It was a scramble, you almost had to hustle to get onto the bus there were so many people.
As I walked up the stairs, I found myself caught in the sea of black. Feeling mildly out of place in my denim skirt and Yankees cap.
There was almost this feeling of organized chaos bubbling below the surface as we headed towards Ben-Gurion Airport. The entire bus was filled with Breslov Hasidim heading to Uman in the Ukraine.
For Breslov Hasidim (a branch of Hasidic Judaism), the pilgrimage to Uman plays a massive role in the way that Rosh Hashanah – the Jewish new year – is celebrated as they pray at the grave of Rabbi Nachman who founded the Breslov movement, and who is also the grandson of the Baal Shem Tov – the founder of Hasidic Judaism.
As the bus rolled on, I heard a young man shout out in agony – he’d just broken a tooth. “This is terrible timing – does anyone have a tylenol or a painkiller… The dentists in Kiev are probably awful.”
We chatted for a few minutes and he told me proudly that it was his fourth time going to Uman, for his friend sitting next to him, it was his first.
“I don’t even know where I’m going,” the friend joked.
There was some sporadic singing here and there, a buzz of excitement in the air.
As we arrived at Ben-Gurion’s Terminal 3, everyone clambered off the bus hurriedly. I continued to walk and chat with the young man who said that “Uman was the greatest experience.”
The airport is chaos, long lines, shouting, crying children, people scrambling to check their baggage in – yelling at attendants that they were late for their flights. Attendants remaining polite and calm despite the rudeness.
“Where do I check-in for Uman? We are very late,” shouted one man in Hebrew, his small children and their payot – long sidelocks – dangling as they tried to keep up.
“I’m going to New York”, “I’m flying to Hungary to catch a flight to Uman,” and a group even started arguing over whether the white “Na Nach” kippah one man was wearing, was dirty. “You can’t go to Uman looking like a schlump (Yiddish for someone who is sloppily or poorly dressed).”
“He has a small mark on the kippah, it’s not a big deal, he can,” responded another.
After almost half an hour, the young man I was with looked down at his paper and up at the departure boards. “My flight isn’t here,” he said looking worried.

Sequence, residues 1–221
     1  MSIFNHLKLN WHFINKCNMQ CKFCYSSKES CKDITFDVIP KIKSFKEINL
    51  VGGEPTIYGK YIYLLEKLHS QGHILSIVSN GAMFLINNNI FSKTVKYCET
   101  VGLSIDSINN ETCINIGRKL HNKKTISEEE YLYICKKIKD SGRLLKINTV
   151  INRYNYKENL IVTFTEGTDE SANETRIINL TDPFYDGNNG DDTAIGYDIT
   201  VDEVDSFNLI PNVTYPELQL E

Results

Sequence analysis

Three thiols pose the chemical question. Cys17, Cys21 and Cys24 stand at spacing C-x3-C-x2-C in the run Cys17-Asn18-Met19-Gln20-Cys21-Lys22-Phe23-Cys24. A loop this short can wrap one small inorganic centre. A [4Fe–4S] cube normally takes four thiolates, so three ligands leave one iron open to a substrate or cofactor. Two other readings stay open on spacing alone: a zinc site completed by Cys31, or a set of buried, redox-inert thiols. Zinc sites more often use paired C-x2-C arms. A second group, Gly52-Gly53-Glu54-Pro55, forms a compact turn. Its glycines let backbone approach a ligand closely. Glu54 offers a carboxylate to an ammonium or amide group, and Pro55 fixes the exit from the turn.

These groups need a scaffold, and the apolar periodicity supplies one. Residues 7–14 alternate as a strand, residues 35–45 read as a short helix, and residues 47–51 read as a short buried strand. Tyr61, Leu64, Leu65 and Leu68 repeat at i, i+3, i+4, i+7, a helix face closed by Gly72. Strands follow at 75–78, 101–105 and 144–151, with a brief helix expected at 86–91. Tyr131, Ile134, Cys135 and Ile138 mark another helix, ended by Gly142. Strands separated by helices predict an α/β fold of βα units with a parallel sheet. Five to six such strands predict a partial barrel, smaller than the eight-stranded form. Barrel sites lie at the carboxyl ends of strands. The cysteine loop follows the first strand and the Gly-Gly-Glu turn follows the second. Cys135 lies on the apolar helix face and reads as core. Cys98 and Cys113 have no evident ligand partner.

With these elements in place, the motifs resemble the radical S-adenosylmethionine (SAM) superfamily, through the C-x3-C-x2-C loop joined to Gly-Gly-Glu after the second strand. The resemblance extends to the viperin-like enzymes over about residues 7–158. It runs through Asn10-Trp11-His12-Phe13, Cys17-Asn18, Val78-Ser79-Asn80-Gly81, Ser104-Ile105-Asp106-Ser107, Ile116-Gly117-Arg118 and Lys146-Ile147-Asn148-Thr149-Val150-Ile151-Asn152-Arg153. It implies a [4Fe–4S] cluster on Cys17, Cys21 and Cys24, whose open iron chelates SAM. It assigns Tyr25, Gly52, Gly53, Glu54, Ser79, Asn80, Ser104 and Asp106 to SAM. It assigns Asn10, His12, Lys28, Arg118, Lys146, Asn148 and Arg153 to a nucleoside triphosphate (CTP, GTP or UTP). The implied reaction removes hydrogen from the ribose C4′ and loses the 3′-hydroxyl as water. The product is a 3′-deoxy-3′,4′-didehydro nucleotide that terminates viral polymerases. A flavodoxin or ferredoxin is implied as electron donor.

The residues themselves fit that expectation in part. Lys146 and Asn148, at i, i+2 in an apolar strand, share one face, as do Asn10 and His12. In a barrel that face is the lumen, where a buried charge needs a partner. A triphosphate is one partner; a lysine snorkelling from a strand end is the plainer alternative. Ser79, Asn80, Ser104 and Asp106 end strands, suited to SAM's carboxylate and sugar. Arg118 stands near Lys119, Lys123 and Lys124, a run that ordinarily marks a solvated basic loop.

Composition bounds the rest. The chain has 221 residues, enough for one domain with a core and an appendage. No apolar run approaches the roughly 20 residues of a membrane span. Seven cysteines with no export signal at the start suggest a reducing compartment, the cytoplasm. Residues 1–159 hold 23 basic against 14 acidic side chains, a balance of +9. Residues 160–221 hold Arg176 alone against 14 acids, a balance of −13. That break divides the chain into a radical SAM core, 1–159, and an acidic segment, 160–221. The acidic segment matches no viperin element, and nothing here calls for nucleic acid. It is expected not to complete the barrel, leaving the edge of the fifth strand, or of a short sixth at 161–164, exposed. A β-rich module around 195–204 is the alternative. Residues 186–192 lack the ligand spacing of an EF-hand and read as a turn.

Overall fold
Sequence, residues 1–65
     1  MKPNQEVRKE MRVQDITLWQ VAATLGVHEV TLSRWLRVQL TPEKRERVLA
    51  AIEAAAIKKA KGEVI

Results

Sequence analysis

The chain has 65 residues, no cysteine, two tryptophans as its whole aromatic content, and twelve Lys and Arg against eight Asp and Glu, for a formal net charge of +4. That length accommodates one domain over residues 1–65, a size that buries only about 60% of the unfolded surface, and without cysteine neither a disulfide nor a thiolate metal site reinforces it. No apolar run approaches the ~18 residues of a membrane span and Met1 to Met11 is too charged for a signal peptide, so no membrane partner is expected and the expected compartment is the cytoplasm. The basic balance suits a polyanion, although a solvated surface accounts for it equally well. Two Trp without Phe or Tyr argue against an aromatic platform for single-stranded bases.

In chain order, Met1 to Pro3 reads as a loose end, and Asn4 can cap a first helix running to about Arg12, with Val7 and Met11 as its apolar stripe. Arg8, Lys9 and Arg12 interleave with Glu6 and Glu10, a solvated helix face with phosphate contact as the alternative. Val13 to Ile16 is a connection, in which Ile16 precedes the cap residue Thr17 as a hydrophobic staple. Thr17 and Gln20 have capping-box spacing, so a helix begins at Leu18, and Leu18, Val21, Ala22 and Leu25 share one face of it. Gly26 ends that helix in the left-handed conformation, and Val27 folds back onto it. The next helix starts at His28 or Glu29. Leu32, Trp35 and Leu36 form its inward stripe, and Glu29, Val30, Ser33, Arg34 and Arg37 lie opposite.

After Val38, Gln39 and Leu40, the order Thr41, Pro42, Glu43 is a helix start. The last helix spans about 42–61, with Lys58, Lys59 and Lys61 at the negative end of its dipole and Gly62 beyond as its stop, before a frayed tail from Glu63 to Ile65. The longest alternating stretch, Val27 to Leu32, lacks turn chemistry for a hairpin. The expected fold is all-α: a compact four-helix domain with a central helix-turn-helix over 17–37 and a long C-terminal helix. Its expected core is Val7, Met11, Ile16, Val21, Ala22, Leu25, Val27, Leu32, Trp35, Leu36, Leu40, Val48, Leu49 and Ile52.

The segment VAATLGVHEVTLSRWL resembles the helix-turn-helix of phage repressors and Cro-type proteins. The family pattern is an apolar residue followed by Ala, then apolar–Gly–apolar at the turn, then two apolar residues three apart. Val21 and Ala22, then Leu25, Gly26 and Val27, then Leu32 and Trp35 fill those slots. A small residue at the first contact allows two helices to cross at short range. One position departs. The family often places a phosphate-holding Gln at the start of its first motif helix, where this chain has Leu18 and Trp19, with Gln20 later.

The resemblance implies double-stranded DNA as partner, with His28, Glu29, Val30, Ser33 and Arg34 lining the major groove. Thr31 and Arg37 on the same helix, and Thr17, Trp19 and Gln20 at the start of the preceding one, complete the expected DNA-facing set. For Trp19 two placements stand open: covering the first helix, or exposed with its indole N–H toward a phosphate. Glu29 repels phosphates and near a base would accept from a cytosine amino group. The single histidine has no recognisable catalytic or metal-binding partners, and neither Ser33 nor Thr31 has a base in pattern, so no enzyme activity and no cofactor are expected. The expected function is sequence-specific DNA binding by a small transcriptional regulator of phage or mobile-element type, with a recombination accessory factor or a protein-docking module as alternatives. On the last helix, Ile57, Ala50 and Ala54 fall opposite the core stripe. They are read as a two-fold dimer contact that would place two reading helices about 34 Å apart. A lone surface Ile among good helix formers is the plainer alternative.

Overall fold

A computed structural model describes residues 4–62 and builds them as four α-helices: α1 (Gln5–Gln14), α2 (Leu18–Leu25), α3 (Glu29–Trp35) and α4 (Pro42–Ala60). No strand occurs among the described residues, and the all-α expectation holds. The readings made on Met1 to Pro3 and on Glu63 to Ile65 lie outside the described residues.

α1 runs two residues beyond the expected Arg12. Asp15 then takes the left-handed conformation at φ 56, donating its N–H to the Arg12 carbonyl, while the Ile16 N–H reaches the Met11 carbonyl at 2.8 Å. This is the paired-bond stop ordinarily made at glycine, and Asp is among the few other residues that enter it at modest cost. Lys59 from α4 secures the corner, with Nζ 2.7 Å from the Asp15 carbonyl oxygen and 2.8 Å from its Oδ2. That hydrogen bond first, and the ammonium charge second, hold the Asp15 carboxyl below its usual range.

I took the piece of paper out of his hands, looking at him solemnly. “You’ve missed your flight,” I said. “It’s was at 4:50 a.m., not 4:50 p.m.”
His face drops. I ask: “What now?”
“I’m going! I will buy another ticket – I’m not missing this for the world,” he says nonchalantly.
“So you’re just going to buy another ticket, just like that? Isn’t it expensive,” I question.
“No, I’m going – that’s it,” as he pulls out his laptop and starts searching for a new ticket.
We part ways and I notice a camera crew from one of the news outlets filming the lines and scenes around us.
As a group of young, vibrant and almost silly boys walk past – all in white kippot, they shout loudly with naughty smiles on their face: “Hertzel! Hertzel,” referencing a video of a news report at the Western Wall that was interrupted, which went viral earlier this year.
While photographing the various groups of Breslovs waiting to check-in, I call to a group of Hasidim who start posing as I take photos. I ask their names, each respond: “Nachman; Nachman; Nachman; Nachman.”
“Wait, your names are all Nachman?” I ask.
“Yes, that’s why we are going to Uman. We are going to pray to our name sake – to ask him to petition God on our behalf for the things we may need and pray for this Rosh Hashanah,” says the first Nachman.
“There’s no end – there’s only prayer. God is eternal – Rabbi Nachman’s teachings show us this,” says the second.
“It’s a very spiritual experience – you must go one day, you will see,” says the third, while the fourth Nachman nods in agreement.
As I continue to walk around, two men shake plastic cups in my face, asking for help to pay for their tickets to Uman.
“We have to go, there is no other choice – it is the will of Rabbi Nachman and we go each year to petition him. It’s a spiritual journey where all Jews come together, pray together and love God together,” one of the men said.